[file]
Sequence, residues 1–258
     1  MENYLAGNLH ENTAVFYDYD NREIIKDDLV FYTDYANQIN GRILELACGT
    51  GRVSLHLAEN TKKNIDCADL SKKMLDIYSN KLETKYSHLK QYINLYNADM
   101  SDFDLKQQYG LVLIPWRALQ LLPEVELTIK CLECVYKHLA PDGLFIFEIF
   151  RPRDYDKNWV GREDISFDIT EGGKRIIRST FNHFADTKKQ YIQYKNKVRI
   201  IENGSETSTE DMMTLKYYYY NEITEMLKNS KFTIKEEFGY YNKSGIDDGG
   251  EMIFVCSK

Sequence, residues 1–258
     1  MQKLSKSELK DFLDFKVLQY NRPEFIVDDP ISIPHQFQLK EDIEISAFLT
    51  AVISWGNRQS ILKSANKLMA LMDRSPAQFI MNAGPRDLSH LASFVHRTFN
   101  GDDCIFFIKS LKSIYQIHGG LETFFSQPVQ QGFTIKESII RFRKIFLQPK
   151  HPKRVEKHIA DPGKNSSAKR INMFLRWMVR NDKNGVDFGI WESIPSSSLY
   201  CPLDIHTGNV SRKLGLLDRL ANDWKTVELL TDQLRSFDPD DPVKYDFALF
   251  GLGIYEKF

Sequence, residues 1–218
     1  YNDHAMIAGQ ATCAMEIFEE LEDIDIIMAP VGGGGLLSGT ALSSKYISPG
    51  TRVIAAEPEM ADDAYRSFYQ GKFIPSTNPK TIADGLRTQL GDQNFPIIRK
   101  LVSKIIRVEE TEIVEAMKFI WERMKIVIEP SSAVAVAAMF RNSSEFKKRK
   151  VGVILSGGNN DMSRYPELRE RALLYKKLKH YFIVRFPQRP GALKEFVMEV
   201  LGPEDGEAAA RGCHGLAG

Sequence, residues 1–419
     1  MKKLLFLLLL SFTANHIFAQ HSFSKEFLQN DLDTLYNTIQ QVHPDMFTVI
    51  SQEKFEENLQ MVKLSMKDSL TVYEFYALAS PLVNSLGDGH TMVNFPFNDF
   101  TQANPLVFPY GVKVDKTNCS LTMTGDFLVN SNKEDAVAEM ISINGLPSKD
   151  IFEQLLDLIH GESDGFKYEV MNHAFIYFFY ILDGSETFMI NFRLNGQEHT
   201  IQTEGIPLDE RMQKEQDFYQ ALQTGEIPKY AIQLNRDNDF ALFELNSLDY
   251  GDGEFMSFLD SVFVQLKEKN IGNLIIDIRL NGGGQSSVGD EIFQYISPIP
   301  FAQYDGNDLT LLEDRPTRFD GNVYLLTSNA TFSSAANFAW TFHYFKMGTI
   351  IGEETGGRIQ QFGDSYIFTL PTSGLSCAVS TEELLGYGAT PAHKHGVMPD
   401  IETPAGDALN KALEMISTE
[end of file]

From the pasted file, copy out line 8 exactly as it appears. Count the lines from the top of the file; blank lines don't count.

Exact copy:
Sequence, residues 1–258